Over the past few years, it has been difficult to keep up with the ever-changing landscape that is, business finance. There have been several schemes announced by the UK Government to support both businesses and their employees but staying on top of all the changes and keeping everybody informed hasn’t always been easy. There have been several changes that come into effect this year, from the end of the Coronavirus working from home tax concessions to the commencement of tax digital and an increase in HMRC’s late payments interest rates. Not to mention 2021 IR35 announcements. We have discussed some of these changes before but we thought as we are hitting a busy time of the year for accounting, it might be useful to share information and resources about these upcoming changes.
Coronavirus working from home tax concession to stop in April 2022 If you or your teams have spent some time working from home since the start of the pandemic, you probably already know about the Coronavirus working from home tax concessions. From April 6 2020 employees have been able to claim some tax relief if they have needed to work from home because of the pandemic. The tax relief is worth between £62 and £125 pa. This is based on 20% of £312 pa or 40% of £312, depending on whether the employee was a basic rate or higher rate taxpayer in the tax year. The allowance can be claimed in both tax years 2020-21 and 2021/22 if an employee was required to work from home at some point during each of the two tax years. By concession, whilst the amount is defined as £6 per week, it allows the full £312 pa to be claimed for the full tax even if the employee only spent a single day working from home. If an employee chooses voluntarily to work from home then they are not entitled to the concession allowance.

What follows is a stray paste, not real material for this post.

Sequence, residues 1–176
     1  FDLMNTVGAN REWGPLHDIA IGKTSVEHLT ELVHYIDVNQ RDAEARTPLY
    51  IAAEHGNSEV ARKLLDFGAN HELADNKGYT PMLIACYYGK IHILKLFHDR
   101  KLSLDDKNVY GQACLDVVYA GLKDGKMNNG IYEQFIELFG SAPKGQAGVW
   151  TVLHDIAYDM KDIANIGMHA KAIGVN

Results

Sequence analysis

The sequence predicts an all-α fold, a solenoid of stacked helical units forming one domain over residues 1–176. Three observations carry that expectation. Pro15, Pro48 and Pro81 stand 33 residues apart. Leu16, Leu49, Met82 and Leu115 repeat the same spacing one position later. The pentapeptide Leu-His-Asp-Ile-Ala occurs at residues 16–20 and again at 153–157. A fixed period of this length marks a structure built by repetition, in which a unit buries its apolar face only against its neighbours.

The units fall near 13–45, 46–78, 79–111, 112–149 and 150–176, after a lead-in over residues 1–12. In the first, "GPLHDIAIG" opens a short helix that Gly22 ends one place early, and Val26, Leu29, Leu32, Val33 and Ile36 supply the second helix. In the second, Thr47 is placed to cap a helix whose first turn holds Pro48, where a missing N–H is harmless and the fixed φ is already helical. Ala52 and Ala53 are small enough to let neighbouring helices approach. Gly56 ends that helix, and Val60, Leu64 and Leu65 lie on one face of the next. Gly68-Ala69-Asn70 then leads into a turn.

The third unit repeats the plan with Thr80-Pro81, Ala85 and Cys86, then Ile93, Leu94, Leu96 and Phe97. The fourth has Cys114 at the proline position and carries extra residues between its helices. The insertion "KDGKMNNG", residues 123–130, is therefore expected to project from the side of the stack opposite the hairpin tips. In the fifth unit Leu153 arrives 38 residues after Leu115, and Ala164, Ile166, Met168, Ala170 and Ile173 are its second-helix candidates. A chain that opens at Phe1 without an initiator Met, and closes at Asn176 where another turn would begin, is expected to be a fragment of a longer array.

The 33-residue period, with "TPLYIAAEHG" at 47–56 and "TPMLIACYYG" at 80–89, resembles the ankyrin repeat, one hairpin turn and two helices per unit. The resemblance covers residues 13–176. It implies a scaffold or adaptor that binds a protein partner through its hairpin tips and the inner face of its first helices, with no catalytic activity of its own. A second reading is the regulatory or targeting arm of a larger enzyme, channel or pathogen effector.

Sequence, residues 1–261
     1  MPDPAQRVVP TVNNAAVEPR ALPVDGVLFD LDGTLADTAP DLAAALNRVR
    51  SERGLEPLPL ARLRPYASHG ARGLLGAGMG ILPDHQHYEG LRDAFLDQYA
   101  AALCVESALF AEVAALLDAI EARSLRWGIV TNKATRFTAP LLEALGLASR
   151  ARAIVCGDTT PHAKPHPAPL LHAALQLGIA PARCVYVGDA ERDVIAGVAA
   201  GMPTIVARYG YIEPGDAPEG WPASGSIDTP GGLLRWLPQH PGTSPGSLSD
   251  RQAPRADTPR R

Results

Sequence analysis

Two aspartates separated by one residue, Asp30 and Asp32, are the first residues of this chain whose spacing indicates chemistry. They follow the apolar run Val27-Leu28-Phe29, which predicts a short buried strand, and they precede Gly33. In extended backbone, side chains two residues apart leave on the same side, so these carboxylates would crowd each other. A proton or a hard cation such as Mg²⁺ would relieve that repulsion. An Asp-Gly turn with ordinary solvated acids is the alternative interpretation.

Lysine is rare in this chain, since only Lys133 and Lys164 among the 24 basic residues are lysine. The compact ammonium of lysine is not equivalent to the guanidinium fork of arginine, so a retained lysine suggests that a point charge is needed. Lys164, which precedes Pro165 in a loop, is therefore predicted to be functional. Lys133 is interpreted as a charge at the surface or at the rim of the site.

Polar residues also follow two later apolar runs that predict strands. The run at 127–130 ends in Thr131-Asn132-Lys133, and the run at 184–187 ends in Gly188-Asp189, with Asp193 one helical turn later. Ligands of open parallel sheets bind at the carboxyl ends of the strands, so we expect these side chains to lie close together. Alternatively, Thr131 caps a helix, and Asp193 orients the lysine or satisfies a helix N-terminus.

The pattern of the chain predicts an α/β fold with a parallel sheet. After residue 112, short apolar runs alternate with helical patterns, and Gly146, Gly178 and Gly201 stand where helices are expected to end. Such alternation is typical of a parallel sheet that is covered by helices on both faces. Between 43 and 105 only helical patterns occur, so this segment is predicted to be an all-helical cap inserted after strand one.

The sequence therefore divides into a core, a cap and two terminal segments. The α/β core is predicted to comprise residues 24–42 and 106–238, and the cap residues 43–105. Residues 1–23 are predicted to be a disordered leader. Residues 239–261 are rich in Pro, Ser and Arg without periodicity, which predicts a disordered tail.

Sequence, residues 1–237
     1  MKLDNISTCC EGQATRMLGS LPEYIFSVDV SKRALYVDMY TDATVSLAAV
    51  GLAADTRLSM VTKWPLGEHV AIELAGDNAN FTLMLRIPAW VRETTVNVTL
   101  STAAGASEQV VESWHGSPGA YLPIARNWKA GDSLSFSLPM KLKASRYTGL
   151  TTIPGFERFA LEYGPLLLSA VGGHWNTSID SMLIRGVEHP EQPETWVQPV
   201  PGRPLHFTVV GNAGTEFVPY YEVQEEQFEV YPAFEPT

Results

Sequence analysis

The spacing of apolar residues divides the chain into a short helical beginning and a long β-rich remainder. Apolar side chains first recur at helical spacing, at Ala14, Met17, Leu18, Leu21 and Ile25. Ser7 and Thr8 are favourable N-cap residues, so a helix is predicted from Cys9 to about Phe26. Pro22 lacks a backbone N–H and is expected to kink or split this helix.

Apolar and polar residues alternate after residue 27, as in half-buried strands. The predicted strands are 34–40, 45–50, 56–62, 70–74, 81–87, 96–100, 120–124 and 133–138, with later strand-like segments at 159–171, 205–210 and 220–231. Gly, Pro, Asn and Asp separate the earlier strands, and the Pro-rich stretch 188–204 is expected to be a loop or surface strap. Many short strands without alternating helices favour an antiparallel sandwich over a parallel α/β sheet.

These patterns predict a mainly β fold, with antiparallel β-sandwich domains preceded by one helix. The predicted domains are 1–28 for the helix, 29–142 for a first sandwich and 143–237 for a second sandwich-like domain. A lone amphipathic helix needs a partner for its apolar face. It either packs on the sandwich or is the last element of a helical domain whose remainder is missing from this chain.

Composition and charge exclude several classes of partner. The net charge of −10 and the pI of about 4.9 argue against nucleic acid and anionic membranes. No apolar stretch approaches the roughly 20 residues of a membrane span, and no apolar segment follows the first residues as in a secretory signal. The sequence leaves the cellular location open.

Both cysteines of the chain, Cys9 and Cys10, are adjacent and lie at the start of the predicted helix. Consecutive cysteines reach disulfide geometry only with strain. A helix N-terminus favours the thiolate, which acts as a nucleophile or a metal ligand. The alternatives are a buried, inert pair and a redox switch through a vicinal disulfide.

As the UK government are no longer recommending businesses to ask their staff to work from home, the scheme will be ending on 6 April 2022. After 5 April 2022, if an employee wishes to claim tax relief for employment-related expenses they will need to comply with the well-established strict traditional tax rules, and only if they have to work from home. Furthermore, claims can only be made for the actual time they have to work from home and the concession that even working from home for one day permits a whole year’s claim will stop.
HMRC says that to be able to claim tax relief, if applicable, an employee can only consider costs like gas and electricity, metered water business phone calls, including dial-up internet access etc.